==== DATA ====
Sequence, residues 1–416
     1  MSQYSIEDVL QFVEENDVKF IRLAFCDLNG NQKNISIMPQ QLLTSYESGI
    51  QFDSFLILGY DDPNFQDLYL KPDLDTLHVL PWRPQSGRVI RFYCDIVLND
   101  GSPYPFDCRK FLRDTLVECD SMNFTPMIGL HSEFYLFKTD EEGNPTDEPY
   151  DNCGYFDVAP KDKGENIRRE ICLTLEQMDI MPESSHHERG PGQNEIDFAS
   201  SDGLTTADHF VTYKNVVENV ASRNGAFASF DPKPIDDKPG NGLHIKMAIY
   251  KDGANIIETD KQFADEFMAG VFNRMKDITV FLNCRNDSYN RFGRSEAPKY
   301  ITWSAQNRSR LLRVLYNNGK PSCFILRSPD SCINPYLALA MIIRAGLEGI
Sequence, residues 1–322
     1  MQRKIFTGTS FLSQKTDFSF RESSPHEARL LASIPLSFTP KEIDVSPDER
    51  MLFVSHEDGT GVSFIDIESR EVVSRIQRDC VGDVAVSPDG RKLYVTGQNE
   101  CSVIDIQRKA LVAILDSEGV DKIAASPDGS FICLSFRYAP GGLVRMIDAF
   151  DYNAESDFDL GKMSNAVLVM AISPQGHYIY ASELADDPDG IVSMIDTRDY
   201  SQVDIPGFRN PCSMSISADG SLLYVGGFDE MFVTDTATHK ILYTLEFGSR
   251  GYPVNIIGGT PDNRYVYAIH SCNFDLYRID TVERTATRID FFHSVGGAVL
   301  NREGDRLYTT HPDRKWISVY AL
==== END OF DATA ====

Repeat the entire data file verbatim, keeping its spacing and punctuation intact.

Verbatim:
Sequence, residues 1–416
     1  MSQYSIEDVL QFVEENDVKF IRLAFCDLNG NQKNISIMPQ QLLTSYESGI
    51  QFDSFLILGY DDPNFQDLYL KPDLDTLHVL PWRPQSGRVI RFYCDIVLND
   101  GSPYPFDCRK FLRDTLVECD SMNFTPMIGL HSEFYLFKTD EEGNPTDEPY
   151  DNCGYFDVAP KDKGENIRRE ICLTLEQMDI MPESSHHERG PGQNEIDFAS
   201  SDGLTTADHF VTYKNVVENV ASRNGAFASF DPKPIDDKPG NGLHIKMAIY
   251  KDGANIIETD KQFADEFMAG VFNRMKDITV FLNCRNDSYN RFGRSEAPKY
   301  ITWSAQNRSR LLRVLYNNGK PSCFILRSPD SCINPYLALA MIIRAGLEGI
Sequence, residues 1–322
     1  MQRKIFTGTS FLSQKTDFSF RESSPHEARL LASIPLSFTP KEIDVSPDER
    51  MLFVSHEDGT GVSFIDIESR EVVSRIQRDC VGDVAVSPDG RKLYVTGQNE
   101  CSVIDIQRKA LVAILDSEGV DKIAASPDGS FICLSFRYAP GGLVRMIDAF
   151  DYNAESDFDL GKMSNAVLVM AISPQGHYIY ASELADDPDG IVSMIDTRDY
   201  SQVDIPGFRN PCSMSISADG SLLYVGGFDE MFVTDTATHK ILYTLEFGSR
   251  GYPVNIIGGT PDNRYVYAIH SCNFDLYRID TVERTATRID FFHSVGGAVL
   301  NREGDRLYTT HPDRKWISVY AL